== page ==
Nature, Self, and Alterity in Medieval European Travel Writing
|Director of thesis||Prof. Denis Renevey|
|Co-director of thesis||Prof. Christiania Whitehead|
|Summary of thesis||
This thesis looks at how “nature writing” and passages about non-human elements can shed light on the European perceptions about personhood and subjectivity in the Middle Ages, as anterior to the Early Modern era generally held to be when modern selfhood emerged and started to take shape. With focus on travel texts — physical and allegorical travels both included — this thesis lays emphasis on the European encounters with the exotic outside world by means of undertakings like pilgrimage, the Crusades, commercial trekking, exploratory trip, and, as typical of certain medieval texts, the internal journeys triggered by meditation, contemplation, and the moving of the soul. Analysis will be conducted as to how given authors (may have) resorted to “nature writing“ and eco-narratives to articulate and/or embody their understandings of medieval selfhood and subjectivity in their theological, anatomical, ethnographical, geographical, and environmental senses, in times of cross-cultural confrontations with the naturally and culturally alien beings in the concomitant material and conceptual worlds.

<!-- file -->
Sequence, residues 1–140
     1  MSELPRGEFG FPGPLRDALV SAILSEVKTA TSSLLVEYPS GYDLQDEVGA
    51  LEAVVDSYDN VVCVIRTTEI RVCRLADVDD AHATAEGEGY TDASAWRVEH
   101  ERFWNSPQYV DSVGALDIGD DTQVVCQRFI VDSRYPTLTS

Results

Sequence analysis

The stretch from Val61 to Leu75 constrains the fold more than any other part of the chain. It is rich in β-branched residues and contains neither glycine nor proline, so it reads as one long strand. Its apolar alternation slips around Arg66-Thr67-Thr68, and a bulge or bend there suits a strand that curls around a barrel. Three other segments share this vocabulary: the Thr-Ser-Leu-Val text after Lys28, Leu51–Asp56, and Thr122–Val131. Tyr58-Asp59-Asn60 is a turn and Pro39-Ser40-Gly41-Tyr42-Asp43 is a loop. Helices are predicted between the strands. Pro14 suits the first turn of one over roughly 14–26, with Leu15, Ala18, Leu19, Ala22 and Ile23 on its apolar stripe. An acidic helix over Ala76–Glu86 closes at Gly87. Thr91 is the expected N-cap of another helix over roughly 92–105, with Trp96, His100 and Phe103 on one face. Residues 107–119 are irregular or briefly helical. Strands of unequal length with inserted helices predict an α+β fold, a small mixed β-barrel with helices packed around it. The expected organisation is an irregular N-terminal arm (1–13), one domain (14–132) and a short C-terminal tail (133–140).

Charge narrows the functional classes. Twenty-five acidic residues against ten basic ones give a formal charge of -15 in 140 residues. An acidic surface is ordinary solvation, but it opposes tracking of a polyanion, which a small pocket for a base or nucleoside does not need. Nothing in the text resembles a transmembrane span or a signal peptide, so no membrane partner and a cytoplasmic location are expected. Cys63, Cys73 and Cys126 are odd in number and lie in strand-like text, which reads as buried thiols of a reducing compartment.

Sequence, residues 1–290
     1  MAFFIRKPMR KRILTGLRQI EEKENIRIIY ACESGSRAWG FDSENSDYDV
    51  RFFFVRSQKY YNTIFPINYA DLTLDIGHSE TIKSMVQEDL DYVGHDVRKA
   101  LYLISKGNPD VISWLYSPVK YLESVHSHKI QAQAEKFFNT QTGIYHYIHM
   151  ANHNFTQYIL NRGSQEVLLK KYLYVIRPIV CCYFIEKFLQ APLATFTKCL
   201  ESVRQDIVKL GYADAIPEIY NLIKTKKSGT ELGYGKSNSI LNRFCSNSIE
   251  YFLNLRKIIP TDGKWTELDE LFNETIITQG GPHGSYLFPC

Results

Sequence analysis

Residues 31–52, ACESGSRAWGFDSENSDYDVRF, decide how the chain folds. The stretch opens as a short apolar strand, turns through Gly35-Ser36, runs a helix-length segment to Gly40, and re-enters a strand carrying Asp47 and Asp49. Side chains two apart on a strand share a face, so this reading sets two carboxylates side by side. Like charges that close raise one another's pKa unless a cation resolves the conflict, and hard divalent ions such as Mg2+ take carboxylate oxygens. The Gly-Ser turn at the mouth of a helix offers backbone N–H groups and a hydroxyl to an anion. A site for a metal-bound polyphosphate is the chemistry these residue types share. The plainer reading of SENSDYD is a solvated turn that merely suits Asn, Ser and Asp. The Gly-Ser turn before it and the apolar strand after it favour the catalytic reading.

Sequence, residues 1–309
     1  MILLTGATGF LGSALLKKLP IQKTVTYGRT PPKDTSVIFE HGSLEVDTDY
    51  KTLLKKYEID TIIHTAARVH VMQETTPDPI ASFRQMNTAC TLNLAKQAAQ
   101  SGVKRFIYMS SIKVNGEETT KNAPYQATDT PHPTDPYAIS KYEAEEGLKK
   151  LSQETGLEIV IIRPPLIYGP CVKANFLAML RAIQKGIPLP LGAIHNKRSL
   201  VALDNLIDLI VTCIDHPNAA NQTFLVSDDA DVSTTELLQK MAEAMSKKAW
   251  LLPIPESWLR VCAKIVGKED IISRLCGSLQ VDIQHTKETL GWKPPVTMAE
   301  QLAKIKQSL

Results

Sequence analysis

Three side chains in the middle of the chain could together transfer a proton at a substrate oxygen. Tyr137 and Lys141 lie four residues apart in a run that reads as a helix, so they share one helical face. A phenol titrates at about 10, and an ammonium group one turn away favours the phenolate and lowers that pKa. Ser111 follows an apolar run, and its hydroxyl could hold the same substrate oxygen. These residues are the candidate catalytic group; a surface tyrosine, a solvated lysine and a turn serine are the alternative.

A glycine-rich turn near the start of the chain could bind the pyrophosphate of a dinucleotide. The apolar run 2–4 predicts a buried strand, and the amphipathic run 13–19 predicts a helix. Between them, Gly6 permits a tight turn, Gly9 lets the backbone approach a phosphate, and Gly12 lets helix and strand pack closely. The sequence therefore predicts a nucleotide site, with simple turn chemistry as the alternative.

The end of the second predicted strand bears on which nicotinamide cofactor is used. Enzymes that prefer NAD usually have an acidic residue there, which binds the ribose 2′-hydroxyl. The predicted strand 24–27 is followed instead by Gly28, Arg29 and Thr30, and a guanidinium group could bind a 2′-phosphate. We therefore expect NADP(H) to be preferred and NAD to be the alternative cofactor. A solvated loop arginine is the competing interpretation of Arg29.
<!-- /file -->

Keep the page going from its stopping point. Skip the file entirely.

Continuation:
|Administrative delay for the defence||2025|